Taking a course in "Big Band" has really helped me to make the transition from bass guitar to stand-up string bass. Here's how I am preparing myself to play it with skill and stamina:
1. Playing string bass is physically tiring -- After playing a while, my shoulders and arms start to ache from holding and plucking the bass.
Solution: Exercise your arms and shoulders with five pound, hand-held weights. At first I was skeptical -- only five pounds? A squirrel could work out with those. However, the secret is in the number of repetitions. I do three separate lifting exercises, with twelve repetitions each. I do this regimen once in the morning and once in the evening. After I'm through, I can feel the burn. Now my arms and shoulders feel stronger and I don't tire so quickly playing bass.
2. Playing by touch, not by sight -- With a string bass, you never have to worry about hitting a fret -- there are no frets! Nevertheless, you still must hit the right note in the right place on the neck, and you must do it by feel alone. Why? Because as a string bassist you will be concentrating on your music, and if you look away to find the note on the neck, you will lose your place on the sheet music.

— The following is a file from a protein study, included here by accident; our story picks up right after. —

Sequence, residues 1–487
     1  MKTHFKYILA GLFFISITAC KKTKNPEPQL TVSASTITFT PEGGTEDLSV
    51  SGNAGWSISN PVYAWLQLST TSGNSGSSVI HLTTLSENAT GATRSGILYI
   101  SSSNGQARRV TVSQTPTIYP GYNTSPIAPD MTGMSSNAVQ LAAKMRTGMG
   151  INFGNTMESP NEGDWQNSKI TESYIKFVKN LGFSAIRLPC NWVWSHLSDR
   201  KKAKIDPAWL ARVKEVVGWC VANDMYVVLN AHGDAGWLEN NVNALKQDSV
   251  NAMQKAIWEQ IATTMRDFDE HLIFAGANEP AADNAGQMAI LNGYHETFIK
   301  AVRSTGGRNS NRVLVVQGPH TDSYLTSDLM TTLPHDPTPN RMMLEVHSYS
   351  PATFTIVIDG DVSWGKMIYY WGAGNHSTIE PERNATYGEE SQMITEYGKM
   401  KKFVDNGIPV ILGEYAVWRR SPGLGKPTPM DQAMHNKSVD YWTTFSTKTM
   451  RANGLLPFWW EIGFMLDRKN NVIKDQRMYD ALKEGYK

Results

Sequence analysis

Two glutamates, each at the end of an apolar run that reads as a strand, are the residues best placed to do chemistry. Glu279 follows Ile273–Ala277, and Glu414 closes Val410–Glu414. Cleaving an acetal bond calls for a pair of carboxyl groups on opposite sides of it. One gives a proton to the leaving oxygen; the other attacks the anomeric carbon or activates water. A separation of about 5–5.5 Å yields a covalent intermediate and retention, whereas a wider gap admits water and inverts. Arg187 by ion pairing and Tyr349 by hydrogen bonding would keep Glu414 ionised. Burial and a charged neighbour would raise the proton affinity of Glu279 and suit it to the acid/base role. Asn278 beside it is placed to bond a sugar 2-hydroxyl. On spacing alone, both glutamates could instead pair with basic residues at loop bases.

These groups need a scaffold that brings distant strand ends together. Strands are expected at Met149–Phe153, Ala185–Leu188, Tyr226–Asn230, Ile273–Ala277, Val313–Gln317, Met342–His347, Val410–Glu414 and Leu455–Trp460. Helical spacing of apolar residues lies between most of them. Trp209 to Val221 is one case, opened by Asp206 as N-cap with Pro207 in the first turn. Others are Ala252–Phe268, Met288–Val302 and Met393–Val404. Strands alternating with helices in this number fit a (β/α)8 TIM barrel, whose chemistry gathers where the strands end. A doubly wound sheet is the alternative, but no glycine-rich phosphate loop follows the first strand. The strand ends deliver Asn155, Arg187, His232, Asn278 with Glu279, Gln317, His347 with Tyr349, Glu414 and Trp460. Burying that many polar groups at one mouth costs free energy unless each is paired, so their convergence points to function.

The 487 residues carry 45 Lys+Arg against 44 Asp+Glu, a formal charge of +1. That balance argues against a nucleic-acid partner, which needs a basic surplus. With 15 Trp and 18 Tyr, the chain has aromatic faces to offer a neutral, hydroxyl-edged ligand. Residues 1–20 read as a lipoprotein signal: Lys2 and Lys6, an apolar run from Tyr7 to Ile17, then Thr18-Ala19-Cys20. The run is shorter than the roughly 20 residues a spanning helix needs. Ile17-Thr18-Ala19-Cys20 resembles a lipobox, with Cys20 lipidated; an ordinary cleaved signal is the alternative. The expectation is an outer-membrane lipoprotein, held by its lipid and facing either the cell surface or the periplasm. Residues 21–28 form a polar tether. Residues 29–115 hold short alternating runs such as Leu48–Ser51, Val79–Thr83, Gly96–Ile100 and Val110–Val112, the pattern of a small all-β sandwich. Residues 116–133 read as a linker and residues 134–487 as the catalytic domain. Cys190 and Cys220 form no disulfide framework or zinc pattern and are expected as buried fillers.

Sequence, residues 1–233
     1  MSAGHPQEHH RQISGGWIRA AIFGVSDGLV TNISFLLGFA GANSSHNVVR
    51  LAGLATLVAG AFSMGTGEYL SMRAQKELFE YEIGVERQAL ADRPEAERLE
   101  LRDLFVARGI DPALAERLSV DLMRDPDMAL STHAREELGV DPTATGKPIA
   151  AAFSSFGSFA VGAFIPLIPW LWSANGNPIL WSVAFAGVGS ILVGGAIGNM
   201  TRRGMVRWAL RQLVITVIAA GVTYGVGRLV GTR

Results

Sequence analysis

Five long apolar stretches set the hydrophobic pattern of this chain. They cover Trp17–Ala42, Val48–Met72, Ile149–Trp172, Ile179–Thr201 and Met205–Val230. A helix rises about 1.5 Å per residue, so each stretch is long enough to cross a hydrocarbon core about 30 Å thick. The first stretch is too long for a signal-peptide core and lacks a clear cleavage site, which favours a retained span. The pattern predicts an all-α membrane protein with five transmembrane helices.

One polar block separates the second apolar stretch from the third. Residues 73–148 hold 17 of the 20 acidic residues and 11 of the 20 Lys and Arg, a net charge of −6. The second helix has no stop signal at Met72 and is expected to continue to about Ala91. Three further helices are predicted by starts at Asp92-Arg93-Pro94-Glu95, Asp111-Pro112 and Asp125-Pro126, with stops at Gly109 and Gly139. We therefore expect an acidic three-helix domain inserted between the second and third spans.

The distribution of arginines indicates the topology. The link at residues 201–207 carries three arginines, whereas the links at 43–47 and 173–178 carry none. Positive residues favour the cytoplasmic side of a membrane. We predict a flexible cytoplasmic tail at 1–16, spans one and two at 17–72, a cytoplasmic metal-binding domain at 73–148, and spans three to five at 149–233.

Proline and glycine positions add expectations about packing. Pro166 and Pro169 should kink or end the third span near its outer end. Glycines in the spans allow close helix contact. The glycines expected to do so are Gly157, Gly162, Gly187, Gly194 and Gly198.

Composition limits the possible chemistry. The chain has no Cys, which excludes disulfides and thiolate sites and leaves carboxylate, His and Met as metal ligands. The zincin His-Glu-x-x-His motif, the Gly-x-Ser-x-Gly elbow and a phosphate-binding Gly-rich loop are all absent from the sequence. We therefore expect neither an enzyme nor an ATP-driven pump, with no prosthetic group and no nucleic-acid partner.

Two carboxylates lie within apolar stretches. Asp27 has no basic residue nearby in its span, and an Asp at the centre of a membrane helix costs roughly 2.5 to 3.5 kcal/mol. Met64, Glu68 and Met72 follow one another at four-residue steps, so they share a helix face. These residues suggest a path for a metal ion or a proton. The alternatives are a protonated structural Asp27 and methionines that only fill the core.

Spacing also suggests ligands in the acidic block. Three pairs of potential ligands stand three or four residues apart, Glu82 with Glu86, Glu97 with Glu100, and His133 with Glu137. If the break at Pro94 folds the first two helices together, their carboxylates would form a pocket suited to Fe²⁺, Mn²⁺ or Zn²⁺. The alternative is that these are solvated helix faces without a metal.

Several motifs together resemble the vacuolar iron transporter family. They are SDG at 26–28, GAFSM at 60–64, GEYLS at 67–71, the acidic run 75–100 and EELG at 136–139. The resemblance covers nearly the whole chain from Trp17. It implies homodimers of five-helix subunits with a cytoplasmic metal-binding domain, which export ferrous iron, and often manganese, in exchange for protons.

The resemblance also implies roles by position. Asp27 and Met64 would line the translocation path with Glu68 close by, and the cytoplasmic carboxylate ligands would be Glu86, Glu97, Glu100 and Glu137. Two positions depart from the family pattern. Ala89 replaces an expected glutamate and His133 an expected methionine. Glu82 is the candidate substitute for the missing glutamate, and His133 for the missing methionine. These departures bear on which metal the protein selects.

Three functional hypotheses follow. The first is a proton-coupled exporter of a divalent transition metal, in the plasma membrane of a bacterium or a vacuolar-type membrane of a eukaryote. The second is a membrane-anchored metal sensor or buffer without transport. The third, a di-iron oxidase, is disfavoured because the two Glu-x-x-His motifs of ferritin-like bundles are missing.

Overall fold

Solution: Practice your scales daily. First, look at where the notes are on the neck (I put pencil marks on the side of the neck showing where the fret would be -- they can be easily erased later). Play the scale while looking for the first time, then play the scale several times without looking. This will help you navigate the neck by feel, without the need to look at the neck.
3. Reading notes quickly and effortlessly -- If you are new to reading notes, pencil in the name of the note by each note on the sheet music. After a couple of days of practice, you won't need the pencil marks anymore. Then you build speed by reading the notes as you practice. There are many bass books that supply you with "etudes," practice routines for reading notes. To be able to read notes, you must read notes! You learn by doing. Don't worry about speed at first, just concentrate on playing the right note as it is represented on the page, one measure at a time -- or even one note at a time. Speed will develop quickly.
4. Amplifying your bass -- I bought a Realist Copperhead bass pickup. It costs $200, but works very well, producing true bass tone through an amplifier, with no feedback so far. I use a small Peavey bass practice amp -- I bought it for my bass guitars for less than $200; it is light and portable, but puts out enough power to be heard. The Realist pickup installs easily without having to carve into the bridge, and you can hide the input jack under the tail piece. I used a computer cable tie to fasten it to my tail piece.
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